When would your bank release your private customer information to the police?
The country's biggest banks all have different positions on the circumstances under which they would give up your data to the authorities.
The Herald contacted New Zealand's major banks today seeking reaction to the Privacy Commission decision censuring Westpac for releasing Nicky Hager's banking details without a warrant or court order.
An ASB spokesman said they will confirm to police whether or not someone is a customer, but require a court or production order before it will release more information to the authorities.
However, they said in the case of extraordinary circumstances such as a missing person or an imminent threat of harm, they could release information they deem helpful to the police.
A spokeswoman for BNZ said "maintaining our customers' privacy and meeting our obligations under the Privacy Act is very important to [us]."
"We have a very strict set of protocols when it comes to requests to release information and at this stage we are not looking to change that process. An official written police request specifying the act and grounds is required for all requests and each is then considered on a case-by-case basis," she said.
An ANZ spokesman said it would "take privacy very seriously" and comply with the Privacy Act
The spokesman said that unless police obtained information by using a production order, search warrant or court order, they were guided by the Code of Banking Practice and Letter of Agreement between the New Zealand Bankers' Association and the New Zealand Police when deciding whether or not to release customer data.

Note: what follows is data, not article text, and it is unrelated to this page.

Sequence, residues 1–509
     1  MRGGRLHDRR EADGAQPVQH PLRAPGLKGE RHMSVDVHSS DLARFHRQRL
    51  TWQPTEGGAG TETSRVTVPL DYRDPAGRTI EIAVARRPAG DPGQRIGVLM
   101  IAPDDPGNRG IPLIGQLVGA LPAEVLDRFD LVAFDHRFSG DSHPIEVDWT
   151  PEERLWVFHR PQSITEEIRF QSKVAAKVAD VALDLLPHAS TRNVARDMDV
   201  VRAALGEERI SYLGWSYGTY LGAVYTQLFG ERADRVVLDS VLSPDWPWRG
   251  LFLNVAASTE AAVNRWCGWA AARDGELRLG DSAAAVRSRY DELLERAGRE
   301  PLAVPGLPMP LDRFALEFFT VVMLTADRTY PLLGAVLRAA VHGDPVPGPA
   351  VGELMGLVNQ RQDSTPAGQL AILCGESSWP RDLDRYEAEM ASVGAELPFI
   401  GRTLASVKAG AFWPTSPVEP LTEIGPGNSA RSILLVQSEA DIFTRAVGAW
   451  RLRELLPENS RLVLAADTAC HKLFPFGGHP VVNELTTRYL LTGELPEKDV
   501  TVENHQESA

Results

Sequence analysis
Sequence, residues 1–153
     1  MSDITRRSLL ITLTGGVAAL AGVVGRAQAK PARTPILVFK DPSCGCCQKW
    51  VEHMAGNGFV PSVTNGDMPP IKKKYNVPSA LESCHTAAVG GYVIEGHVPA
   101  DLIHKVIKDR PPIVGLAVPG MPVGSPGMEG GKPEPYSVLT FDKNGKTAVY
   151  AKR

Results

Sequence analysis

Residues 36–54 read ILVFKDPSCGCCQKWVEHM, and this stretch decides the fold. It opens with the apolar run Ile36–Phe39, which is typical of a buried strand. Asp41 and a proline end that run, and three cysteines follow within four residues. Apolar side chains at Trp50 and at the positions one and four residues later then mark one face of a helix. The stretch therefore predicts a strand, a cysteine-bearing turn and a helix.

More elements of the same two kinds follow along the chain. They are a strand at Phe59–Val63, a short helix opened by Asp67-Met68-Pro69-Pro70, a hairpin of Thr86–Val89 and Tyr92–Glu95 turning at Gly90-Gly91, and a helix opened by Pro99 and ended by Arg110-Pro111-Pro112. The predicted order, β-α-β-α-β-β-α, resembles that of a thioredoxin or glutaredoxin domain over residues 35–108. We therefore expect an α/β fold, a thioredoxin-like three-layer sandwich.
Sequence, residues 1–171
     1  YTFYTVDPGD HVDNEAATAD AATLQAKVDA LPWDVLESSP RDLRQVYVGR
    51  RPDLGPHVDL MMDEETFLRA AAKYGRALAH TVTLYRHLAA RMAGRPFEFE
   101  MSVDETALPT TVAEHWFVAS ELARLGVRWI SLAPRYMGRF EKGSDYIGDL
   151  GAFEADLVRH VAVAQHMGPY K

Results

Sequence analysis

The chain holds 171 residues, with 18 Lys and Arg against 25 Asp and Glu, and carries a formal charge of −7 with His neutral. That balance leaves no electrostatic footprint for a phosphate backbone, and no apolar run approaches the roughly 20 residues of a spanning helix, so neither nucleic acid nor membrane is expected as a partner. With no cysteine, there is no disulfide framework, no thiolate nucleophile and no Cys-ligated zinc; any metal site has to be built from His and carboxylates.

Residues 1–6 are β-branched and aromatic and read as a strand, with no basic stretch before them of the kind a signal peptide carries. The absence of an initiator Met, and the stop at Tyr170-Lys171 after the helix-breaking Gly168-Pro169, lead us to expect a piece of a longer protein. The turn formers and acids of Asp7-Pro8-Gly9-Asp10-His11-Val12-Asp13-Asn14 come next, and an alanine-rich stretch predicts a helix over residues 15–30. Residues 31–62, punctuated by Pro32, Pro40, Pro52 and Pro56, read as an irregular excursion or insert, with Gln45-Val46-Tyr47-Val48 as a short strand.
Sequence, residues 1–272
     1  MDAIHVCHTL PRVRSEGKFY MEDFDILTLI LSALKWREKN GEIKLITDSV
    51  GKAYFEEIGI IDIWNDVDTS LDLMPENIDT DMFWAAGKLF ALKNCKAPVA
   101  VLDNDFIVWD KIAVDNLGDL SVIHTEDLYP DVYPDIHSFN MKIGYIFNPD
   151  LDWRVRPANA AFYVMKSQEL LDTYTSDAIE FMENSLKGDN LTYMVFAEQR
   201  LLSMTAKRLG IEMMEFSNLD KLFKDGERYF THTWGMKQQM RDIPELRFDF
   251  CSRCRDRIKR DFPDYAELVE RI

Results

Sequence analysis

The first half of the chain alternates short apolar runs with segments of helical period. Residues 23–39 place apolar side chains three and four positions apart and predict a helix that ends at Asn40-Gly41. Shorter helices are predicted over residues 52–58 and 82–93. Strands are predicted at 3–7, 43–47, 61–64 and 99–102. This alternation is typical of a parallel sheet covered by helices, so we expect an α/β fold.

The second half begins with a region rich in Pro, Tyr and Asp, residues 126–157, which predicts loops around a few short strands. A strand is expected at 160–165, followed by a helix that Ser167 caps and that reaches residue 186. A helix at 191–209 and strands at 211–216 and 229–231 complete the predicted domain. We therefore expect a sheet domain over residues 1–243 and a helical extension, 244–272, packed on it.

That code lists the laws under which banks may be required to release information.
Kiwibank would not comment, referring instead to the New Zealand Bankers' Association.
The New Zealand Bankers' Association said that in handling information requests, "the Police must provide the bank with the legal basis on which the information is requested".
Westpac claimed it had the power to release information when customers signed the bank's "terms and conditions" - a move it claimed voided customers' rights.
It was an argument unsuccessfully made by the bank in its attempt to defend itself over the disclosure of Hager's details to police investigating his Dirty Politics book.
The ruling stems from a police inquiry into the identity of Rawshark, the hacker who provided Hager with information used in the 2014 book. The book argued that John Key's Government was using right-wing bloggers as attack dogs to go after opponents.